Defense Date


Document Type


Degree Name

Doctor of Philosophy


Chemical Biology

First Advisor

Umesh R. Desai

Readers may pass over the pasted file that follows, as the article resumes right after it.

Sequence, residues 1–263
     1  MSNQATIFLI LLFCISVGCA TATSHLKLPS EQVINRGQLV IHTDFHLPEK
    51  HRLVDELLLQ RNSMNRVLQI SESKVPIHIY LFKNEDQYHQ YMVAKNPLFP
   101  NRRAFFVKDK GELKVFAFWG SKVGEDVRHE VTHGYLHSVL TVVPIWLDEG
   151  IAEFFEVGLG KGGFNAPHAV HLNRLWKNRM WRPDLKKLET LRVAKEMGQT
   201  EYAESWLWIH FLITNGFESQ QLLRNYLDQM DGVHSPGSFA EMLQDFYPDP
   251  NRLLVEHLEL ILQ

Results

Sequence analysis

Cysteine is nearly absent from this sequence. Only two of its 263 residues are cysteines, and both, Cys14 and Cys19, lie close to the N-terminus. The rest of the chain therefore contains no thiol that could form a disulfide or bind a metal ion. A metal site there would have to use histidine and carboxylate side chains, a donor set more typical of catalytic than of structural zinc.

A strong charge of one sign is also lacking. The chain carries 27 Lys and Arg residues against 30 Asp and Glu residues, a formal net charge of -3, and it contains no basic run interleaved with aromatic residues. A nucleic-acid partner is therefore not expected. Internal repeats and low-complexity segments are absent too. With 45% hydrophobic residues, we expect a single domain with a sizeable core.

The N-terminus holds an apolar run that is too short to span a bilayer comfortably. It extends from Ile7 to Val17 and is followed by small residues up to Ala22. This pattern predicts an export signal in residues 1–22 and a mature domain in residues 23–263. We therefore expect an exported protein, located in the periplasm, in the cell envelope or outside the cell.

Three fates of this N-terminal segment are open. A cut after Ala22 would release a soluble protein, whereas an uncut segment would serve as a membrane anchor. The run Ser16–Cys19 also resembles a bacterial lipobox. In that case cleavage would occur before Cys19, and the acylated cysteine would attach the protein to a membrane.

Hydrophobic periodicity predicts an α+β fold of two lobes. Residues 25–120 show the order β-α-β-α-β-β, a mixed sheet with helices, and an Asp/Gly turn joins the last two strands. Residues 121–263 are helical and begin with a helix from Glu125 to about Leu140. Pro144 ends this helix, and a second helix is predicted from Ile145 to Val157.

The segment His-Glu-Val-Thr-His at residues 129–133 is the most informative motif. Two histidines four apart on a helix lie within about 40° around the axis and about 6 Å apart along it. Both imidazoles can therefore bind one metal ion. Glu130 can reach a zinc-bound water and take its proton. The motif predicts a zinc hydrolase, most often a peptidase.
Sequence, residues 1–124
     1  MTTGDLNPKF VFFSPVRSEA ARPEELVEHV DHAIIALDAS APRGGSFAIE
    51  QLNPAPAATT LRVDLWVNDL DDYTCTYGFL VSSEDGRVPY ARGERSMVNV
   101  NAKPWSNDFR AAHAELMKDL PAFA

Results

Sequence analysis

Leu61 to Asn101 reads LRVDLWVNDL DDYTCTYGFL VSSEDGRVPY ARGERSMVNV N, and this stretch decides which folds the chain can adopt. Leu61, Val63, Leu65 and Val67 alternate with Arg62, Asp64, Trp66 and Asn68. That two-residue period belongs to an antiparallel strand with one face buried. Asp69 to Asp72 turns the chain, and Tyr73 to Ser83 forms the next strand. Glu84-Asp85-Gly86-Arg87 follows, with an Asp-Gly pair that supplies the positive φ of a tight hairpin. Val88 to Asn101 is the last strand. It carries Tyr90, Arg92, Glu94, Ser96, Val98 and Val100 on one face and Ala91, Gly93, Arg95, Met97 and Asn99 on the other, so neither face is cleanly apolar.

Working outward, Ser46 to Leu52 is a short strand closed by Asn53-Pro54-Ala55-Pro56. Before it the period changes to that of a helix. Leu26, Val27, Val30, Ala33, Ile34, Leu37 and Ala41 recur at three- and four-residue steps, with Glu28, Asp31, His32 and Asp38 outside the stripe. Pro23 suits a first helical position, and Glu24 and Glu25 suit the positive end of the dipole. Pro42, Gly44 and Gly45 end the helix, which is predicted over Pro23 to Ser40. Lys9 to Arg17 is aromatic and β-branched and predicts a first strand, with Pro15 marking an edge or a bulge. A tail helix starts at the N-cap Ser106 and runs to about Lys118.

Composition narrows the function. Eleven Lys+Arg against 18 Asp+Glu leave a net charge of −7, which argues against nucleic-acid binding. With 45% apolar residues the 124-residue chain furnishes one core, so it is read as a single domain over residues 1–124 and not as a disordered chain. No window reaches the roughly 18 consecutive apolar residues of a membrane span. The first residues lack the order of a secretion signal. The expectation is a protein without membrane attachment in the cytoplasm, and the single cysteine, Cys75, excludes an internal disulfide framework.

Thrombin is the key protease that regulates hemostasis; the delicate balance between procoagulation and anticoagulation of blood. In clotting disorders, like deep vein thrombosis or pulmonary embolism, procoagulation is up-regulated, but propagation of clotting can be inhibited with drugs targeting the proteases involved, like thrombin. Such drugs however, have serious side effects (e.g., excessive bleeding) and some require monitoring during the course of treatment. The reason for these side effects is the mechanism by which the drugs’ act. The two major mechanisms are direct orthosteric and indirect allosteric inhibition, which will completely abolish the protease’s activity. Herein we sought an alternative mechanism called allosteric, partial inhibition, that has shown promise to truly regulate coagulation. Partial inhibition through allosteric mechanisms are well described for membrane-bound and oligomeric proteins. However proteases, specifically monomeric proteases (i.e., thrombin), have not shown this phenomenon until now. A small library of coumarin-based sulfated allosteric modulators (CSAMs) was synthesized to target a surface region called exosite 2; mainly composed of highly positively charged residues surrounded by hydrophobic patches. Studies revealed a non-competitive mechanism of binding with a range of IC50s between 0.2-58 µM combined with inhibitory efficacies (ΔY) between 22-73%; indicative of allosteric, partial inhibition. The KD was determined for the most potent compound (3g; IC50 = 0.2 µM, ΔY = 47%) at 0.15 µM. 3g was observed to bind at exosite 2 through unfractionated heparin competition and thrombin mutant studies. Additional computational studies were in agreement with the mutant and competition studies, showing the sulfate of 3g binding within a pocket containing R126 and R233. Fluorescence quenching and antithrombin inactivation rate studies described a conformational change to thrombin’s active site in the presence of 3g, supporting reduction of thrombin’s catalytic efficiency, without complete inhibition of thrombin’s proteolytic activities. Coupled enzyme assays and gel electrophoresis showed that in the presence of 3g, hydrolysis of fibrinogen (IC50 = 0.51 µM, ΔY = 94%) and protein C activation (IC50 = 1.7 µM, ΔY = 91%) is fully inhibited. Alternatively, FXIII activation was shown to be only partially inhibited by the presence of 3g, and FXI activation did not show any significant activation or inhibition. 3g was also shown to be active in human plasma and whole blood, but requiring much higher concentrations to induce an anticoagulant effect. Mice studies looking at the effects of 3g in vivo showed that even at high concentrations, showed no abnormal bleeding or any other irregularities. This work highlights a novel occurrence regarding thrombin’s allosteric functionality against multiple endogenous substrates. This library of compounds may be useful in the future development of allosteric inhibitors and probes that pose little to no risk of bleeding events by inducing partial inhibition.


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